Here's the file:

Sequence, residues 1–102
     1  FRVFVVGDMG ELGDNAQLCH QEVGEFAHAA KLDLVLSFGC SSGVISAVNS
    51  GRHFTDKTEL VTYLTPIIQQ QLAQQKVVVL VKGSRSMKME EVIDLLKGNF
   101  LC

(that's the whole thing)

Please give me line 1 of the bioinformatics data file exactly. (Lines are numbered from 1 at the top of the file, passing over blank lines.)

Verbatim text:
Sequence, residues 1–102